Of Borderlands and Frontiers: Crosscurrents and Divergences within Borderlands History and Settler Colonial Studies
Society for Advancing the History of South Asia 11
Manan Ahmed Asif, Columbia University
Lisa Ford, University of New South Wales
Karl Jacoby, Columbia University
Stacey Van Vleet, University of California, Berkeley
“Anchored in spatial mobility, situational identity, local contingency, and the ambiguities of power” is how Pekka Hämäläinen and Samuel Truett describe borderlands historiography in their recent article, “On Borderlands” (2011). Writing primarily (but not entirely) about North America, Hämäläinen and Truett go to some lengths to contrast and dislodge the concept of the borderland from that of the frontier—especially the nation-state bound notion of the frontier promoted by Frederick Jackson Turner. In Hämäläinen and Truett’s words, “If frontiers are spaces of narrative closure, then borderlands are places where stories take unpredictable turns and rarely end as expected.”
Patrick Wolfe, the Australian scholar of settler colonialism, could not agree less. In a recently published essay of his own, Wolfe argues that “the concept of the frontier has the virtue of expressing the protean fact of a historical coming together of societies that had previously been mutually discreet.” Siding himself with Frederick Jackson Turner, Wolfe goes one step further by contending that the frontier offers clarity rather than closure. “The end of frontier,” Wolfe argues, “marks the end of the centuries-long process whereby Natives have been being transformed, spatially at least, from outsiders into insiders. They have become surrounded by, and contained within, settler society.”
This roundtable seeks to address this analytical disjuncture by opening a dialogue between historians of settler colonialism and borderlands history. It aims to address not just differences between the two fields, but to highlight their similarities as well.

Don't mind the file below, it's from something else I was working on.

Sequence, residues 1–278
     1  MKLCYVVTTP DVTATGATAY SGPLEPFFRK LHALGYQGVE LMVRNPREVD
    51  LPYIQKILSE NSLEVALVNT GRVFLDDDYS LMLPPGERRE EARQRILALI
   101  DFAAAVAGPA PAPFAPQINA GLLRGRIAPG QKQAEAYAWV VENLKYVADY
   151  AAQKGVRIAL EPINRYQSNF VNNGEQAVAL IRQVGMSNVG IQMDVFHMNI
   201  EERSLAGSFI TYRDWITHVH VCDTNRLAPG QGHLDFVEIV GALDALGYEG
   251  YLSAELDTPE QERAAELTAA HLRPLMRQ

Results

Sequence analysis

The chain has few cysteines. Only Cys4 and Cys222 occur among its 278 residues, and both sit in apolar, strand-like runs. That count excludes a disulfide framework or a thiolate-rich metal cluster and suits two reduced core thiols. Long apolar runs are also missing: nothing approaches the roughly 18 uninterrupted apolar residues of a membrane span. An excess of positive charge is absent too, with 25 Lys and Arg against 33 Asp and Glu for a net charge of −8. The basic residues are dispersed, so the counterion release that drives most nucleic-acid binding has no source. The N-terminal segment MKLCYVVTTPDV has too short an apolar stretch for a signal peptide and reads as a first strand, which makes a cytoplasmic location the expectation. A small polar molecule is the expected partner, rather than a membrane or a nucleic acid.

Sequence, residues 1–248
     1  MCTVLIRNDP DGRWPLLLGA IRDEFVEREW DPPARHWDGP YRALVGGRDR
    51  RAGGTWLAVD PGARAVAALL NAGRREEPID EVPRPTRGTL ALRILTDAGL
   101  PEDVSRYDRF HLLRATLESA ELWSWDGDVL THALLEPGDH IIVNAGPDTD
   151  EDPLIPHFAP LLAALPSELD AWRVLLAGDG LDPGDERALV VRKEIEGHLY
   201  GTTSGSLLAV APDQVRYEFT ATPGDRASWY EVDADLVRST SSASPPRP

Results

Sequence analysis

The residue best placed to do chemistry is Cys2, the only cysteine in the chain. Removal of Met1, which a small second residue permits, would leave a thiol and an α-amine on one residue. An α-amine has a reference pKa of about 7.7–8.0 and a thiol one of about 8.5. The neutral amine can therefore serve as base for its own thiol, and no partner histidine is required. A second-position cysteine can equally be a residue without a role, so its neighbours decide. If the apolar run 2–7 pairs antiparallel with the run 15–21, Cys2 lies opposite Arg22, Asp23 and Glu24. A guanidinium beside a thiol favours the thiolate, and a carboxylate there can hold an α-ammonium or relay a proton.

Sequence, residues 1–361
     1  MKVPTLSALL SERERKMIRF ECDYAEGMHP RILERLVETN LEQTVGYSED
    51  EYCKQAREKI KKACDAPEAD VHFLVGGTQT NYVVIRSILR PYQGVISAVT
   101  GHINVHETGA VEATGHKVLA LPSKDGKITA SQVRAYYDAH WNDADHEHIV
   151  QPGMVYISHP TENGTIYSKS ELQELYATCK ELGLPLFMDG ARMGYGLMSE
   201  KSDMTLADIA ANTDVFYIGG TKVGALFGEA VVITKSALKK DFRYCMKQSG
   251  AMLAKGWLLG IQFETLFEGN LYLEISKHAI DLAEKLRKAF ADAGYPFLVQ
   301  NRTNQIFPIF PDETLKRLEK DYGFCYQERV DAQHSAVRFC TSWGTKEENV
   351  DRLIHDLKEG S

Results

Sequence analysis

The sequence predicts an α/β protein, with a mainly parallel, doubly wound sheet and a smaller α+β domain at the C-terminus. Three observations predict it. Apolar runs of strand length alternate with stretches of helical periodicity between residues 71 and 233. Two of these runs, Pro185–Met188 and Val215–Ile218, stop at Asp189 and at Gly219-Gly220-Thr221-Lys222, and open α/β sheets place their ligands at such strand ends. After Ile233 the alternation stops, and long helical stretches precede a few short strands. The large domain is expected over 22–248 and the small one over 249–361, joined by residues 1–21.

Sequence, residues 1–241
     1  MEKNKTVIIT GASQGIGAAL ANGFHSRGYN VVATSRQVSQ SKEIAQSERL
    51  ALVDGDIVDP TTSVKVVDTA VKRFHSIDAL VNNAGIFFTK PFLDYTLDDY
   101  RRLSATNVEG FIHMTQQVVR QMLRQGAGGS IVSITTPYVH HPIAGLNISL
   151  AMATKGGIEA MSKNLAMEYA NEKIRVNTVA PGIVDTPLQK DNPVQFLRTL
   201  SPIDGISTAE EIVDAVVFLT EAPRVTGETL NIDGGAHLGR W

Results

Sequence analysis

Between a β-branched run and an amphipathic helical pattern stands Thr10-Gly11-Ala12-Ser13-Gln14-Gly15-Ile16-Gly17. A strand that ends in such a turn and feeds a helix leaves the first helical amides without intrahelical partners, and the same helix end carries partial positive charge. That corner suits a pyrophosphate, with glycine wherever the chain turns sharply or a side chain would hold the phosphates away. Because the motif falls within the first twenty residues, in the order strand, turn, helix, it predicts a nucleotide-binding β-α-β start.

Despite having roots in different mid-twentieth-century historiographies, both fields actually have quite a lot in common. Both fields, for instance, have only recently emerged as broad-based fields of historical and interdisciplinary research with increasingly globalized scopes and foci, including the problems and legacies of settlement/migration, empire, state-formation, intergenerational conflict and violence, and race formation at the edges or peripheries of larger centralized polities.
Their similar trajectories aside, the two fields differ in ways that go beyond terminology. Whereas borderlands scholars emphasize fluidity, hybridity, syncretism, and other ambiguities of identity and power at the edges of nations and empires, scholars of settler colonialism, in often unambiguous terms, posit a stark and lasting frontier—an irremediable binary of difference—between indigenous peoples and invading settlers. Where borderlands scholars aim to uncover and reveal the complexities of multiculturalism, scholars of settler colonialism aim to uncover and reveal the operative (and oftentimes ongoing) logic of native elimination that pervades settler societies both at their core and their peripheries.
What is the current state of historiography on borderlands and settler colonialism? What regions of the globe, and what periods of history, do the fields have in common? In what ways might the fields benefit from dialogue with one another? How, for instance, do we identify who is indigenous and who is not in a borderland? To what extent do the fluid social forms of borderland regions challenge the logic of elimination? To what extent are borderlands produced by settler colonial projects? These are some of the questions this roundtable proposes to discuss.